Frenz regards the “white race” as superior to other ethnic groups, and sees the “Orientals” overrunning Europe. People he considers inferior are “genetic scrap”, according to Frenz.

In the prosecution case calling for a ban on the party, his utterances are quoted in several places to show the essential similarity between the NPD and Hitler’s Nazi party. For example, Frenz writes of the “mulattoisation of the European centre” and warns against “bastardised American society”. The Nazis employed an almost identical vocabulary. One paper quotes Frenz saying the aim of the NPD’s opponents is to create “a multicultural Afro-Asiatic mixed race on our continent”.

When these utterances were published, Wiefelpuetz tried to smooth things over again. No connection existed between Frenz and the secret service at the time these views were published, Wiefelpuetz claims. Collaboration was terminated in 1995 on the part of the intelligence services. But this statement has also raised many contradictions.

First of all, it does nothing to change the fact that the secret service co-operated for many decades with a confirmed fascist and financially supported his activities. No one has claimed that Frenz’s hysterical anti-Semitism only began in the second half of the 1990s. Second, why does Frenz need permission from the secret service to give testimony, if it concerns evidence from long after he had been collaborating with them?

Finally, neither Wiefelpuetz nor secret service representatives have contradicted Frenz’s claim to have worked for 36 years as a state informant. Since the NPD was only founded in 1964, this can only mean one of two things. Either the collaboration had begun in 1959, which would mean that the secret service was actively involved in preparations to establish the right-wing extremist NPD; or secret service involvement developed only with the establishment of the NPD, as Frenz claims. Under this scenario, the collaboration extends to the year 2000 and thus existed when Frenz published his anti-Semitic diatribe.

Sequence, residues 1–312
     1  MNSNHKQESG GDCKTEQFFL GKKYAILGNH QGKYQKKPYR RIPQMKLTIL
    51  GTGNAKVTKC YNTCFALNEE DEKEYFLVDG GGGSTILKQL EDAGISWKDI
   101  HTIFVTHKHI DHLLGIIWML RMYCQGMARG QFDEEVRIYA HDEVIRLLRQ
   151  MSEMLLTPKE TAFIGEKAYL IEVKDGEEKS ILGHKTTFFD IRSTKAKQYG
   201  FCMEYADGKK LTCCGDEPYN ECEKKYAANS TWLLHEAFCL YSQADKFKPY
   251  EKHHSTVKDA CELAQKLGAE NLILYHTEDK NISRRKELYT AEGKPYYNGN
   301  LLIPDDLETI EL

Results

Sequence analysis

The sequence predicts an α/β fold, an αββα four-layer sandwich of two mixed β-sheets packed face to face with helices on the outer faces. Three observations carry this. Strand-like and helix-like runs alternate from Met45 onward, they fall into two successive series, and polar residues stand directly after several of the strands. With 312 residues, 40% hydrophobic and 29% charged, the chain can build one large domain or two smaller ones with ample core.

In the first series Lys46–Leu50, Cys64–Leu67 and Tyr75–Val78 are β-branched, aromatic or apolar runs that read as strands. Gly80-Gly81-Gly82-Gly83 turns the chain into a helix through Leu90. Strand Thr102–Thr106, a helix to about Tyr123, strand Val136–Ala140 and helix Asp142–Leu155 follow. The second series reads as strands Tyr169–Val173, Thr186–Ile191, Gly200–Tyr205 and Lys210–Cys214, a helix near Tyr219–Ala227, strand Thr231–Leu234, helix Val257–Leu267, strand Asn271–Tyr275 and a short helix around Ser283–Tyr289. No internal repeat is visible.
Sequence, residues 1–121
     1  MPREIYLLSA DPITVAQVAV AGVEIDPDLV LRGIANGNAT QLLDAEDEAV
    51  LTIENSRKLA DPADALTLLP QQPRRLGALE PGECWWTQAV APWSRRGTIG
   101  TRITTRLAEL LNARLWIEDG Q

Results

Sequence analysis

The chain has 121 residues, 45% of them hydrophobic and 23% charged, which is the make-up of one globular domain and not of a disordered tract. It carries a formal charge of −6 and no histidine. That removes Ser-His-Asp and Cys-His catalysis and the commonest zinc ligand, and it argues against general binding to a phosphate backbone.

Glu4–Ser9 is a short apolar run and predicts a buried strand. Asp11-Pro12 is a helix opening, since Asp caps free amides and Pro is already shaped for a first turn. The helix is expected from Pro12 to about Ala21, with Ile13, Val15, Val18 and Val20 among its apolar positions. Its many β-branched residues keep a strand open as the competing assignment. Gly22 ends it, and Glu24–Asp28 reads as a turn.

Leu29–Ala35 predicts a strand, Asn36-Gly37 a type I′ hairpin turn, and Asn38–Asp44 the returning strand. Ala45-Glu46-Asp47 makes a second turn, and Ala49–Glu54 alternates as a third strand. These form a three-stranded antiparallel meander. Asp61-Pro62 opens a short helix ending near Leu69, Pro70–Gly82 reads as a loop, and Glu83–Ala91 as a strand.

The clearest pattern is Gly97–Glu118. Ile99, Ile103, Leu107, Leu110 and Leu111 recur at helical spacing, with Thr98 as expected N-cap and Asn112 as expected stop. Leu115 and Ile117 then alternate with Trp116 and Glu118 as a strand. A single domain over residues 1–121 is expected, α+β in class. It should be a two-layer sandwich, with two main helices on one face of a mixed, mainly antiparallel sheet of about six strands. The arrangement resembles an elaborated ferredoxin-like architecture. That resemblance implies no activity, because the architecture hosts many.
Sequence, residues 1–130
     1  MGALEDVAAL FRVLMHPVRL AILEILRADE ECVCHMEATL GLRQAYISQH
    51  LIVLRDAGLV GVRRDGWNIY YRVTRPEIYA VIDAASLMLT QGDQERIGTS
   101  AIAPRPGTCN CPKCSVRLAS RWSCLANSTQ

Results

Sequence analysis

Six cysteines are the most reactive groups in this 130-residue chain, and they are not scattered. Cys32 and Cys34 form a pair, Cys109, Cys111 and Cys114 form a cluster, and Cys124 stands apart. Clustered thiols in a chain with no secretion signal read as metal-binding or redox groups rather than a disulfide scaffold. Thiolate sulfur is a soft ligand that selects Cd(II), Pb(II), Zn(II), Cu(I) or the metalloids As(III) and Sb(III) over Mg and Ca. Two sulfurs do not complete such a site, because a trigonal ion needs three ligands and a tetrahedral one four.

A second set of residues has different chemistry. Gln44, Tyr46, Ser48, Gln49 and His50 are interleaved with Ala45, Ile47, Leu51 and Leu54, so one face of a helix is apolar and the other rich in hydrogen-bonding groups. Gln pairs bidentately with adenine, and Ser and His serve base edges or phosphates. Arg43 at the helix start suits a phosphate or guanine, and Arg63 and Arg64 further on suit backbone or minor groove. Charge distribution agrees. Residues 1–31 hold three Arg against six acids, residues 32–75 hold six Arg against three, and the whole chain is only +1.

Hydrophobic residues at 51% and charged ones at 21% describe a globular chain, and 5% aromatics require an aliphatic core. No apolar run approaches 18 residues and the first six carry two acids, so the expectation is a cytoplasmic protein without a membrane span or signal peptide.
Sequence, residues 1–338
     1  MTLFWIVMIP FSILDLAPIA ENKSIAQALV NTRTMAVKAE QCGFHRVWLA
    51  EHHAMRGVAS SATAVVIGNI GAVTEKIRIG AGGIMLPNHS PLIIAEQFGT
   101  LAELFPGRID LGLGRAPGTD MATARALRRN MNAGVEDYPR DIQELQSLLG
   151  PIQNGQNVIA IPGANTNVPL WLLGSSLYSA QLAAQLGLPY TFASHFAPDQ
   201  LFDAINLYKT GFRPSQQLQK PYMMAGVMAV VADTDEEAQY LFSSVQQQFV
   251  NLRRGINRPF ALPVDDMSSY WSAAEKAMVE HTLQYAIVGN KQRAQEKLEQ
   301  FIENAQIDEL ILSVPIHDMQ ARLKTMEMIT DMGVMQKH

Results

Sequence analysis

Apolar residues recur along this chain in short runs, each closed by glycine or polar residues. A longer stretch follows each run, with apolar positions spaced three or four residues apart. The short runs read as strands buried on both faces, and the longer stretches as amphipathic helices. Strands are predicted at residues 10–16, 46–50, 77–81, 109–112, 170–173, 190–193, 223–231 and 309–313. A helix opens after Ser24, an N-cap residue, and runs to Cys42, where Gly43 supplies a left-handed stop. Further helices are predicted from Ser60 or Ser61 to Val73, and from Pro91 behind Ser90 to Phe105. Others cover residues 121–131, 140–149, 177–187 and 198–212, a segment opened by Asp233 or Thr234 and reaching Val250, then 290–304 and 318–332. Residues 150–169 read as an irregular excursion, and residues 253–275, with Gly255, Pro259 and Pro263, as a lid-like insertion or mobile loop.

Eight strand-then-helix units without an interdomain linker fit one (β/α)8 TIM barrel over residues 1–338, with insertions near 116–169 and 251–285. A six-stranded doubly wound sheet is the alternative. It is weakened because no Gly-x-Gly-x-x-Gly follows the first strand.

Not an individual case

In recent years, it has been revealed time and again that German secret service agents not only monitor and control right-wing parties, but function as agents provocateurs, i.e., encourage and carry out right-wing extremist acts of violence and help build up the organisational structures of the far right.

In 1993, five people died in an arson attack on a house in Solingen, in which Turkish families were residing. Three of the culprits had trained in a karate school run by Bernd Schmitt, a secret service informant.

In 1995, a skinhead named Carsten Szcepanski tried to drown a Nigerian man in a lake near Berlin. Some time later it became known that at the time of the attack he was an undercover agent for the secret service.

At the beginning of June in 2000, Der Spiegel newsweekly reported that the neo-Nazi Thomas Dienel had been employed from 1996 to 1997 in Thuringia as an undercover agent. At the beginning of the 1990s, Dienel was NPD chairman in Thuringia and later created the German National Party. When he was arrested for incitement, anti-Semitic propaganda and fraud, he made contact with the secret service. Following his early release, he claims he had about 80 meetings with his secret service handlers, and received approximately 25,000 marks for his information.

Dienel told the press he had not used these funds for himself, but regarded them as a “donation” for the right-wing scene and used them to procure right-wing propaganda material. Even when his activities on behalf of the secret service had ended, Dienel did not have to forgo the state’s financial assistance. As editor-in-chief of a planned right-wing rag named V oice for Germany, the Thuringian Social Department paid Daniel a “small business” subsidy of 18,000 marks.

In 1997, the secret service in Mecklenburg enlisted NPD member Michael Grube and paid him 500 to 700 marks a month for his undercover activities. When he publicly revealed his role in 1999, the 21-year old Grube disclosed explosive information. His two secret service handlers, “Klaus” and “Juergen,” had recommended he seek election as regional NPD chairman for Wismar and Nordmecklenburg. Grube rose within the ranks of the NPD, and the local branch under his charge grew from 12 to 50 members.